Super Sized Essay

Submitted By cisco69
Words: 1088
Pages: 5

30 Days of Hell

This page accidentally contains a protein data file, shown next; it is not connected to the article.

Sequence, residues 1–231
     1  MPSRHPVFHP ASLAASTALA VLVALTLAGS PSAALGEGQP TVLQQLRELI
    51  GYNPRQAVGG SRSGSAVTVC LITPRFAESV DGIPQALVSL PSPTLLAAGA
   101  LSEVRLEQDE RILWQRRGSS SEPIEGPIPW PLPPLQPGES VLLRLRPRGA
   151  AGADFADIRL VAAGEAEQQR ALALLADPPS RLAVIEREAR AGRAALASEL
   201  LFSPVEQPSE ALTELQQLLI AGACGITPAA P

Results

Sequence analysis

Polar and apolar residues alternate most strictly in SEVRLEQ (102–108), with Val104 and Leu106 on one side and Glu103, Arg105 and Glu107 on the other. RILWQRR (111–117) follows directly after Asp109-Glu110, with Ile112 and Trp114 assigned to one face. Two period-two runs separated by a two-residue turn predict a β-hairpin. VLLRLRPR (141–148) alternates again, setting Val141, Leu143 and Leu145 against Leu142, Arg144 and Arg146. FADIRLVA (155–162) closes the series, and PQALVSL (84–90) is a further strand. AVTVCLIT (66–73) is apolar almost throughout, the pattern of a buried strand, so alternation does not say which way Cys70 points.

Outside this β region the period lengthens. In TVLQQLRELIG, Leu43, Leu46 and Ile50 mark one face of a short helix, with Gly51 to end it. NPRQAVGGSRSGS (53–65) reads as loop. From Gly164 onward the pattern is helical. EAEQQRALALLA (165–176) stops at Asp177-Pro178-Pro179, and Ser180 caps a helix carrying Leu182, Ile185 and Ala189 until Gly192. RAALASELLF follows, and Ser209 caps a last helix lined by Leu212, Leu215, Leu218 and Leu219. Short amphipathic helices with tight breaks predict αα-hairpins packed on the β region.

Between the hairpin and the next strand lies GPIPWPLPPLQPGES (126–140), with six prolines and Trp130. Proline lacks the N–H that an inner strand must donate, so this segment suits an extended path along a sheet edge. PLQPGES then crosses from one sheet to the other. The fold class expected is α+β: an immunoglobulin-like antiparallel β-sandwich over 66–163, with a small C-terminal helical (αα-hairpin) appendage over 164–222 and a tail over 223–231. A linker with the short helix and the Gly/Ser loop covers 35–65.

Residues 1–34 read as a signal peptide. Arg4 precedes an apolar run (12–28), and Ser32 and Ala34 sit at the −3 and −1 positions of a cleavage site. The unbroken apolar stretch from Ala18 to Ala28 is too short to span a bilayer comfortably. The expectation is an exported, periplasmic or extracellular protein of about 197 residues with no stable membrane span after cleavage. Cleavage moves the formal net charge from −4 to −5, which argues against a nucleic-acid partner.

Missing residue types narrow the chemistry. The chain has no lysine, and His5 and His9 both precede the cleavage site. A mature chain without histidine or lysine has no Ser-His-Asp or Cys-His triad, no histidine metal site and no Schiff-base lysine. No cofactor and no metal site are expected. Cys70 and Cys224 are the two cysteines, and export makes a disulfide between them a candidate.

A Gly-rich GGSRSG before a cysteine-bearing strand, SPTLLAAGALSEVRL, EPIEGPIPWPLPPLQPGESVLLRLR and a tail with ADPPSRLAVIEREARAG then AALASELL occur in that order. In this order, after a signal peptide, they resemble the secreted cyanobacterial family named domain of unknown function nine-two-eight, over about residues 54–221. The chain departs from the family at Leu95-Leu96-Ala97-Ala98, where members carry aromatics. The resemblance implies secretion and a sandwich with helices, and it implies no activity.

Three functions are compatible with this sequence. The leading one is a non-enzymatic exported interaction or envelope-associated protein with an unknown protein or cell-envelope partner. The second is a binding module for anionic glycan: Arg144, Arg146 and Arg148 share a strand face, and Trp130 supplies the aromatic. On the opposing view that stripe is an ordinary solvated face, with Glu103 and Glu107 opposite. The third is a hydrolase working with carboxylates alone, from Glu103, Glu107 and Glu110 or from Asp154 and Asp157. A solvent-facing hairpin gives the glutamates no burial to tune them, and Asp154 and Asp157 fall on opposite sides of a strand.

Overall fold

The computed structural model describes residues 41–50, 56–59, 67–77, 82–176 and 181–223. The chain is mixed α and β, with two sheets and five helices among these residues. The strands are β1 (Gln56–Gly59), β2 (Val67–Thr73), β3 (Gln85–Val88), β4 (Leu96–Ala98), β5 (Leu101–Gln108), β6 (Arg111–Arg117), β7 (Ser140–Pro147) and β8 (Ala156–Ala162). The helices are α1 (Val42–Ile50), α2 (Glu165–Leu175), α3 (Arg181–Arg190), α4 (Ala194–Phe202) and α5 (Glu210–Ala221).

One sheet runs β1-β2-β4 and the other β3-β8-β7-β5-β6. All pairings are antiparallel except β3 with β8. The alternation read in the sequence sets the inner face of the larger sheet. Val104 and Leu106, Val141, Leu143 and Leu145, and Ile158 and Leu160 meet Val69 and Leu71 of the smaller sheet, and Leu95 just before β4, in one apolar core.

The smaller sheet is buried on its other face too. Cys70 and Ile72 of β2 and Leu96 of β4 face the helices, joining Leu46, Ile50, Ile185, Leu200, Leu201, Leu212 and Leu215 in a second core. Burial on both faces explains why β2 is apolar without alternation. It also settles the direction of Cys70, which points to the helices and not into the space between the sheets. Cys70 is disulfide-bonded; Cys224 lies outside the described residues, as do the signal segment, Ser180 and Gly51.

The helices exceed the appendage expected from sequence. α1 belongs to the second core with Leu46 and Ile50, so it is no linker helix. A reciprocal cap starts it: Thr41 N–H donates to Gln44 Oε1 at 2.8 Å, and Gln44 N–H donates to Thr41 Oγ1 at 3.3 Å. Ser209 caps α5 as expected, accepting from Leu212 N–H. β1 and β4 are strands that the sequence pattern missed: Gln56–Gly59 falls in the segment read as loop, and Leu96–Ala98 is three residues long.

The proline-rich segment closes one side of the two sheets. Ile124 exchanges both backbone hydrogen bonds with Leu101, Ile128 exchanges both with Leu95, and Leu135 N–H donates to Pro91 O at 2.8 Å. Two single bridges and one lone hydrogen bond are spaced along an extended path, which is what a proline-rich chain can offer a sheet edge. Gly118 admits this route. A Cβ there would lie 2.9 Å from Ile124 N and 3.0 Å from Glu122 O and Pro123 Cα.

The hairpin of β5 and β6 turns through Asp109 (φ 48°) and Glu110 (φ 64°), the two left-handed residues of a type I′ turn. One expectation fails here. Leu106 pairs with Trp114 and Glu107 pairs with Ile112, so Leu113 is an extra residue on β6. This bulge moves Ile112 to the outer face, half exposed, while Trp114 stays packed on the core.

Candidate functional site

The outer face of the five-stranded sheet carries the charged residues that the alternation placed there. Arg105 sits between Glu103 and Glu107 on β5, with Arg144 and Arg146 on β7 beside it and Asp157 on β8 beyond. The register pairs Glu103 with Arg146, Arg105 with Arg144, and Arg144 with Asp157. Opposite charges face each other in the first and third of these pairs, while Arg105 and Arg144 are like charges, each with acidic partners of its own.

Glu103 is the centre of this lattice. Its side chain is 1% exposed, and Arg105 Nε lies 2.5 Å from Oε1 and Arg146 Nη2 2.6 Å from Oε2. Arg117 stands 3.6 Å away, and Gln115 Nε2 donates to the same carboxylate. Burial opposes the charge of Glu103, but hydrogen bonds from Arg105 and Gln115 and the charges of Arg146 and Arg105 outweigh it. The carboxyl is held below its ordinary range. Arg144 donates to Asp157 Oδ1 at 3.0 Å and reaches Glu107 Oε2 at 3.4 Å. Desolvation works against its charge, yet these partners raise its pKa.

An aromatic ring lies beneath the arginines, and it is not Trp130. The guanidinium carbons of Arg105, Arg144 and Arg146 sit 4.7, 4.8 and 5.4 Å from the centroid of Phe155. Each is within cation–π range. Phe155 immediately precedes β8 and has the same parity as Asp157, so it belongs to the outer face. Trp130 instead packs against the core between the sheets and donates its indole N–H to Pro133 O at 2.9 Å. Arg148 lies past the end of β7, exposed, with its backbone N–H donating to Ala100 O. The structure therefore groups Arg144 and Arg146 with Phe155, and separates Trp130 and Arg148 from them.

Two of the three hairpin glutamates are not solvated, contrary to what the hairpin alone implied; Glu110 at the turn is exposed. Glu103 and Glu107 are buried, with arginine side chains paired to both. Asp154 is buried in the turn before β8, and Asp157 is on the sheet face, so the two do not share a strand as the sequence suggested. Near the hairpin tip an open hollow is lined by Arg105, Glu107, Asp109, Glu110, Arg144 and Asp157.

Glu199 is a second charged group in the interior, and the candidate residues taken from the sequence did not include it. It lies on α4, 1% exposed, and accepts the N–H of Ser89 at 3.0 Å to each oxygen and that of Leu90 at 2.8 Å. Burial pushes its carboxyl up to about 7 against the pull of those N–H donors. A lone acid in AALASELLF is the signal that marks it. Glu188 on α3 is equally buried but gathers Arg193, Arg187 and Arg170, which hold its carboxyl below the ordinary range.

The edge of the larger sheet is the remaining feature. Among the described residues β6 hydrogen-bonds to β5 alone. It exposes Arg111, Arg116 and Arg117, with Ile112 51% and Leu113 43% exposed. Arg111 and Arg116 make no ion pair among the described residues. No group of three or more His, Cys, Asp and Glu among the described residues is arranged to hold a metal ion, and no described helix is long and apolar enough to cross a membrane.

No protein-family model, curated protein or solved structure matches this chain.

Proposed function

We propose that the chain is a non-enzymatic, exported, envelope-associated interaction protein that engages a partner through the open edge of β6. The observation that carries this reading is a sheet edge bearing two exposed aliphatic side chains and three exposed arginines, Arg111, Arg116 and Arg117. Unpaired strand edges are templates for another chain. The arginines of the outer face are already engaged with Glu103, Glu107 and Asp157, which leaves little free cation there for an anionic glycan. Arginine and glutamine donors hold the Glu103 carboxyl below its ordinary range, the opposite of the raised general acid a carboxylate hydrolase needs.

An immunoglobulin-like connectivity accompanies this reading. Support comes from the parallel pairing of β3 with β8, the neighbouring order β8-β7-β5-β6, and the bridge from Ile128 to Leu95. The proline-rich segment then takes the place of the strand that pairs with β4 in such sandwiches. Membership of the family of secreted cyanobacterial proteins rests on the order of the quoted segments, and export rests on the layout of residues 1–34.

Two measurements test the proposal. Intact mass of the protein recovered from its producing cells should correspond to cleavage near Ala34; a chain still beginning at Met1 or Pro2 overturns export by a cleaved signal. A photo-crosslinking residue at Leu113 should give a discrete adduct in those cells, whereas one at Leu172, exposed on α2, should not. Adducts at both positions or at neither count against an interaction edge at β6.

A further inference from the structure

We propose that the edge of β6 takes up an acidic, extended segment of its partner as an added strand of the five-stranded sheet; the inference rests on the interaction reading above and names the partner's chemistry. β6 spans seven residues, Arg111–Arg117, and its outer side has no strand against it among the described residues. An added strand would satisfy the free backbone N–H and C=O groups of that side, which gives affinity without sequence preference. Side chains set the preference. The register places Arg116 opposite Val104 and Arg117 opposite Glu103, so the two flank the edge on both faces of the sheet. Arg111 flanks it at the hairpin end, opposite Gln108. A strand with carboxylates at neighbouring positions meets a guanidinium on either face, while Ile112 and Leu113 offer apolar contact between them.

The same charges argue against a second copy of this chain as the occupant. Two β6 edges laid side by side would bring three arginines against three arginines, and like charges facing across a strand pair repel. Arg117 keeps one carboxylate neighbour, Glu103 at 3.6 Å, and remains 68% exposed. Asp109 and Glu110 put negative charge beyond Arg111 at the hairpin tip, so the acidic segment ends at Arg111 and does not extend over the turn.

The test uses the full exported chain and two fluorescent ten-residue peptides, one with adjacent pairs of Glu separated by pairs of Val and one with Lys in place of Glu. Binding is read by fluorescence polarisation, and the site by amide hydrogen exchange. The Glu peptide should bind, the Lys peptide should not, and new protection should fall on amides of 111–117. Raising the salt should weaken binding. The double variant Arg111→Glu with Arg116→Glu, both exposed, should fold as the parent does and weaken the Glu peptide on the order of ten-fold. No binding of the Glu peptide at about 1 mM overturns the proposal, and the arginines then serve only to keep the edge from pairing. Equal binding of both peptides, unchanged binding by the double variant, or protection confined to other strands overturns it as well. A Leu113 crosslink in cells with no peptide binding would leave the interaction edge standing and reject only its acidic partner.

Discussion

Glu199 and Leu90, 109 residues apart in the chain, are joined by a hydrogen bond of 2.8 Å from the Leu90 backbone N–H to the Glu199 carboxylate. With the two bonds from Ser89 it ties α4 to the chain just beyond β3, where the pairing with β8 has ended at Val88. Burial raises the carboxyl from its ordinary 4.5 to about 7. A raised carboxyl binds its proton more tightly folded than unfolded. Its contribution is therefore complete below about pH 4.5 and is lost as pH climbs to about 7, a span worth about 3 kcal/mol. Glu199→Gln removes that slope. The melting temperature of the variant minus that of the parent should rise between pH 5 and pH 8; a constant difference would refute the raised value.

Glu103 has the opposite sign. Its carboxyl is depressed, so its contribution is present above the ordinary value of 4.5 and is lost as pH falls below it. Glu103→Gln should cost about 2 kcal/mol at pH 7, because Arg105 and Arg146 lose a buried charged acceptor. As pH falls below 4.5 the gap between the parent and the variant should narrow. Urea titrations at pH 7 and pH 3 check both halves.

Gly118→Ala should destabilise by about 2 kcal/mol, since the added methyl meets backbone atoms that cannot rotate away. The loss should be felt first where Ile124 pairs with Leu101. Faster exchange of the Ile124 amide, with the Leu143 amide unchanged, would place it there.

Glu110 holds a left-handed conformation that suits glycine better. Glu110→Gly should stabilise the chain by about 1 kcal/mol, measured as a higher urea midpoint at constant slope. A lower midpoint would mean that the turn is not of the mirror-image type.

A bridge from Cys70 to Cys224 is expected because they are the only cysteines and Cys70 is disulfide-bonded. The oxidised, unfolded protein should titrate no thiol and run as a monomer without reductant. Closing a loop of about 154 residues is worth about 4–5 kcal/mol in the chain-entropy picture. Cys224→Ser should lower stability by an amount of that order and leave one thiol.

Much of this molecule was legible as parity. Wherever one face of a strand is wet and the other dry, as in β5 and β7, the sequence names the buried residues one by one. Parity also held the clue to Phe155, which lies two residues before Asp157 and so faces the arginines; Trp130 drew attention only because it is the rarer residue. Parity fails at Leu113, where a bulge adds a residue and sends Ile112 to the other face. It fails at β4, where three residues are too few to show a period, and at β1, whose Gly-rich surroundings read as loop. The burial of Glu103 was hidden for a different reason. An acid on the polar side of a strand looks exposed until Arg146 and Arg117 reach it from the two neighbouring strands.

Super Size Me (2004) directed by Morgan Spurlock is a documentary among epic proportions. Rarely does one come into contact with a film, specifically a documentary that carries as much weight as Spurlock’s 30-day hellish biopic as told on the silver screen. Though that screen at the end of those thirty days will be covered with preservatives, and grease; more than a plate after it has been tainted with a concoction of God knows what. It is still a film that needed to be made, one that must be watched, and one that needs to be taken seriously. So do you care to be super sized? That question is exactly what director Morgan Spurlock takes head on. He decided to go on a McDonald’s only diet, eating McDonalds three times a day, seven days a week for an entire thirty days. He will record his outing as well as his “progress” with the help of his girlfriend along with several medical facilitators along with way. The film opens with an eye opener of a sing along as kids recite a song in unison about Pizza Hut, KFC, and McDonalds. The kids enthusiastically sing aloud along with the synchronized movements. This is what kids are being taught in school? One thing Americans pride themselves on is that everything is bigger here, “our cars, houses, and even our waist lines” as Morgan states (Spurlock). This is evident in the rise of obesity, which is central to the opening of the documentary. Apparently it has gotten extremely excessive as more than 60% of Americans are obese. Also 1 in 4 Americans visit fast food restaurants daily. Roger Ebert of the Chicago Sun Times even jokes “of course I agree with McDonald's that a visit to Mickey D's can be part of a responsible nutritional approach. That's why I've dined there twice in the last 17 months” (Ebert). One question posed is when does “personally reasonability stop, and corporate responsibility begin”? Spurlock begins his journey by obtaining a team of doctors, and other medical personal to assess his health before, during, and after. The results, if any, should show what happens to your body after the 30-day calorie binge he will partake in. His first meal, an Egg Muffin value meal, can you say yummy? So what exactly makes these food corporations so successful? Don’t we have the choice to not eat there? The answers to these two questions are much more complex than one may realize. The documentary does a wonderful job explaining as a doctor from George Washing University states that companies such as McDonalds ”lure children from a very young age” (Spurlock). Think about it, McDonalds has the playground, happy meals, clowns, and even the colors. Yes even the colors red, and yellow are the two of the most distinct, and memorable colors in the color spectrum. As Morgan shows children in the first grade are more familiar with the image of Ronald McDonald then that of Jesus Christ, who none of the children knew. Jonh Banzahf of George Washington Law correlates the images that are pumped into children as such a young age as that of comfort. The idea of going to McDonalds as an adult is stimulated by the memories that were created during childhood. If McDonalds is go comforting then what is bad? By eating fast food ones risk of several dozen illnesses, and ailments increase tremendously, illnesses such as sleep apnea, hypertension, and coronary heart disease to name a few. Companies such as McDonalds won’t take the blame for the epidemic that is obesity in American, though the 1.4 billion dollars that is spent yearly would tell you otherwise. All that money spent yet only 1 in 4 McDonalds in New York even had a nutritional chart for the items they offered. It is disturbing facts such as this that make it obvious that McDonalds doesn’t care about the health or educating the customers, and only in fattening the pockets of the shareholders. So are fast food companies the only ones to blame? Not only are companies like McDonalds to blame but so are food